The United States has over 90,000 metric tons of nuclear waste that requires disposal. The U.S. commercial power industry alone has generated more waste (nuclear fuel that is “spent” and is no longer efficient at generating power) than any other country—nearly 80,000 metric tons. This spent nuclear fuel, which can pose serious risks to humans and the environment, is enough to fill a football field about 20 meters deep. The U.S. government’s nuclear weapons program has generated spent nuclear fuel as well as high-level radioactive waste and accounts for most of the rest of the total at about 14,000 metric tons, according to the Department of Energy (DOE). For the most part, this waste is stored where it was generated—at 80 sites in 35 states. The amount of waste is expected to increase to about 140,000 metric tons over the next several decades. However, there is still no disposal site in the United States. After spending decades and billions of dollars to research potential sites for a permanent disposal site, including at the Yucca Mountain site in Nevada that has a license application pending to authorize construction of a nuclear waste repository, the future prospects for permanent disposal remain unclear.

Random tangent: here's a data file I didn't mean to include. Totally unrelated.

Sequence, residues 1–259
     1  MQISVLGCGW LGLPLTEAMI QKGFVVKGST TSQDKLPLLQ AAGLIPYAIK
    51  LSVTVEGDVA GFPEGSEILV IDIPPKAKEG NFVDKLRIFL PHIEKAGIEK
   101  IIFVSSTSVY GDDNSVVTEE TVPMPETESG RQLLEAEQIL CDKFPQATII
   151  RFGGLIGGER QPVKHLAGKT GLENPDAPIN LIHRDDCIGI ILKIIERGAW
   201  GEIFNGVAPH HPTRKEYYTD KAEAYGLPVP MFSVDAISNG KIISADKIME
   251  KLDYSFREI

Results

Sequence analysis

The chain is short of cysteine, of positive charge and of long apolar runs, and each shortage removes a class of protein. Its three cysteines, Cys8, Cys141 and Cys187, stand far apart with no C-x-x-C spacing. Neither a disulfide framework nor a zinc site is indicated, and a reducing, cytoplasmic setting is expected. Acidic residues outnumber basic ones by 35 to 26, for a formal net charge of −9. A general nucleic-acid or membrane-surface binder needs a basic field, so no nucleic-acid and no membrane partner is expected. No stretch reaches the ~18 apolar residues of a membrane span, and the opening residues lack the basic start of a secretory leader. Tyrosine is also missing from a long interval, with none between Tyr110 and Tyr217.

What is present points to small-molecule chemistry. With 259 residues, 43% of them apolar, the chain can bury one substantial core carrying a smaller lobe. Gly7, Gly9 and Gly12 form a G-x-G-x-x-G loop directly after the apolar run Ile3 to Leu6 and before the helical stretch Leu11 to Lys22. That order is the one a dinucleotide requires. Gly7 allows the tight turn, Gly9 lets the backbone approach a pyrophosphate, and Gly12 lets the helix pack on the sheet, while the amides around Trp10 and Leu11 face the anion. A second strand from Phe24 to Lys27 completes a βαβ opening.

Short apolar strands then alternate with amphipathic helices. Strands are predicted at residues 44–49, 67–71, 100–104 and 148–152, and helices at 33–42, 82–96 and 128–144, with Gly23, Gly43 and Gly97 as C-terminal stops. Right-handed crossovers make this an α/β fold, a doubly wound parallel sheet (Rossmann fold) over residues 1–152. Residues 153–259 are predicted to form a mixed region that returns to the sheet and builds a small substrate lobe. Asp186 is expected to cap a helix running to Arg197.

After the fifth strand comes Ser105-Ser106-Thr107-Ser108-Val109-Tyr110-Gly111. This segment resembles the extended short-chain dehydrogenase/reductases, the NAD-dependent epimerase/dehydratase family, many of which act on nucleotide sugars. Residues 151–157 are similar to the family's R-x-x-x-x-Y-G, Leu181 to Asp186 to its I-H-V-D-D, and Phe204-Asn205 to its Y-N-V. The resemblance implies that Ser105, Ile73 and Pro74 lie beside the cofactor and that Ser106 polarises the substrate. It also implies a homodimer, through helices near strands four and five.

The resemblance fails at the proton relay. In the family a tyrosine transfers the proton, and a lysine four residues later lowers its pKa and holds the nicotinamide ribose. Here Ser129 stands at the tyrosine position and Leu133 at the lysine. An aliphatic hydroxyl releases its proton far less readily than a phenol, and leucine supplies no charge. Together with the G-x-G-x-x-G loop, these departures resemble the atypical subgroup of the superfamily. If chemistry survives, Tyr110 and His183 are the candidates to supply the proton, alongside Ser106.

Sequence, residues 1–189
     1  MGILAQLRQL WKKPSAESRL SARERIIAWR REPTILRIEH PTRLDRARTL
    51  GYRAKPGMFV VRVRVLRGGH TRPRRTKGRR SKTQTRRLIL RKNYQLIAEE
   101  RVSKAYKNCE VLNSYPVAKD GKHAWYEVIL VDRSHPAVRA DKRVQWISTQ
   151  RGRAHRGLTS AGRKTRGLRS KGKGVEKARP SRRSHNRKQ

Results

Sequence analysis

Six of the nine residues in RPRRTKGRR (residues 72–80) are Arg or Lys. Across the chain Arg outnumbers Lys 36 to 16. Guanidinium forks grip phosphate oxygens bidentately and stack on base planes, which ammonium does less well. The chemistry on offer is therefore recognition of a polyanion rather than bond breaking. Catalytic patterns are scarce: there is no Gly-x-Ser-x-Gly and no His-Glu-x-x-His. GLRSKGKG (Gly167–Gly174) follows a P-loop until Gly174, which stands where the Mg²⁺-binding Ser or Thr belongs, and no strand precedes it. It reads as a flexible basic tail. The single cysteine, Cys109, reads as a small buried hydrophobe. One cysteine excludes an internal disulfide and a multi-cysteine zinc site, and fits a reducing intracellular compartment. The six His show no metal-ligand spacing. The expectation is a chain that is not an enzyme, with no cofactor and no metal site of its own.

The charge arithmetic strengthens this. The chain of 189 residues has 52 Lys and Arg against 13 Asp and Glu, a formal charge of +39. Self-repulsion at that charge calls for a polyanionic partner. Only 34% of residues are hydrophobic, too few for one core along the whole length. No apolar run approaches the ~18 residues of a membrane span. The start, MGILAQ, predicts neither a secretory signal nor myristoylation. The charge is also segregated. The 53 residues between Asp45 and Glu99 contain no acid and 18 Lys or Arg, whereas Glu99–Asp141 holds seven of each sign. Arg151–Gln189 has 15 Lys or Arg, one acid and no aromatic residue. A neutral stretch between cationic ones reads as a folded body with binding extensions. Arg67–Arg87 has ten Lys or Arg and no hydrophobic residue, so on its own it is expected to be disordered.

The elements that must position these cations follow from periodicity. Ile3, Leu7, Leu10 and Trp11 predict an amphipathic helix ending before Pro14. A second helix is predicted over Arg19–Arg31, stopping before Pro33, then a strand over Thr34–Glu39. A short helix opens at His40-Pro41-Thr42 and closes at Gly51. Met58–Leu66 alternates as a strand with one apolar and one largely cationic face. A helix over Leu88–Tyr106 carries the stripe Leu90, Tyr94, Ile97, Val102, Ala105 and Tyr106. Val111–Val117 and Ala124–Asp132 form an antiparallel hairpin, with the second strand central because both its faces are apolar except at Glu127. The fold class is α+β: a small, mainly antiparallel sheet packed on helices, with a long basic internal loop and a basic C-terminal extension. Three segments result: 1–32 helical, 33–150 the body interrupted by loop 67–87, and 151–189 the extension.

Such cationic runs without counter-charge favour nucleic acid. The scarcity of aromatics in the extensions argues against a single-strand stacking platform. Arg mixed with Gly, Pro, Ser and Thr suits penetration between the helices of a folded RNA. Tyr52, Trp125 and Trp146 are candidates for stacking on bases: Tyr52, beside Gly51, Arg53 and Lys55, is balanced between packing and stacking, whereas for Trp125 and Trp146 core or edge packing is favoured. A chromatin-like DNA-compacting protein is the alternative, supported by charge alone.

“Now he belongs to the ages.”
Such was the quote of Edward Stanton upon the death of Abraham Lincoln. While my dog Rocket was not Abraham Lincoln, I could not help but think that he, too, now belongs to the ages. He died around 8:35 PM last night, surrounded by his Turner pack.
The veterinarian, Dr. Janelle Fenlason from Azure Holland Mobile Veterinary Services, showed up about 15 minutes early to our 8:30 PM appointment. This was added some pain for me as it meant there was less time left to spend with Rocket. Kelly hurriedly gathered the kids so they could have some time with him before the vet arrived. I offered to snap their photos with Rocket but the idea wasn’t well received. I didn’t care because I wanted a photo of myself with him before he was gone.
My friend Heather Leah writes again about Isaac Hunter’s Tavern, this time for ABC11. I get a nice shout-out about halfway down. Thanks again, Heather!